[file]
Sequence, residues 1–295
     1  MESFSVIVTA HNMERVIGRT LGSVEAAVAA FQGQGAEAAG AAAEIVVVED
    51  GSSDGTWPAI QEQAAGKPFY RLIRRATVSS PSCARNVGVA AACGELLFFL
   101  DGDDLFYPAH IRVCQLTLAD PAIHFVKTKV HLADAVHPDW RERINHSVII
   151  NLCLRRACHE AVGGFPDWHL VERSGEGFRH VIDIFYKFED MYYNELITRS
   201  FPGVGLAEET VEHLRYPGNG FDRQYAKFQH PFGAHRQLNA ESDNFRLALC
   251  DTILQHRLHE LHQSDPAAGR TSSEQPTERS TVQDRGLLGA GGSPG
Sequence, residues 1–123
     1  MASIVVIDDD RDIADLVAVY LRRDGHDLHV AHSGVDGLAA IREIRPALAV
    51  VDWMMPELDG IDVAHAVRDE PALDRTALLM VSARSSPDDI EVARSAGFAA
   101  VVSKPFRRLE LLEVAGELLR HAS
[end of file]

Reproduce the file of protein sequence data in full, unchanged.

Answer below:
Sequence, residues 1–295
     1  MESFSVIVTA HNMERVIGRT LGSVEAAVAA FQGQGAEAAG AAAEIVVVED
    51  GSSDGTWPAI QEQAAGKPFY RLIRRATVSS PSCARNVGVA AACGELLFFL
   101  DGDDLFYPAH IRVCQLTLAD PAIHFVKTKV HLADAVHPDW RERINHSVII
   151  NLCLRRACHE AVGGFPDWHL VERSGEGFRH VIDIFYKFED MYYNELITRS
   201  FPGVGLAEET VEHLRYPGNG FDRQYAKFQH PFGAHRQLNA ESDNFRLALC
   251  DTILQHRLHE LHQSDPAAGR TSSEQPTERS TVQDRGLLGA GGSPG
Sequence, residues 1–123
     1  MASIVVIDDD RDIADLVAVY LRRDGHDLHV AHSGVDGLAA IREIRPALAV
    51  VDWMMPELDG IDVAHAVRDE PALDRTALLM VSARSSPDDI EVARSAGFAA
   101  VVSKPFRRLE LLEVAGELLR HAS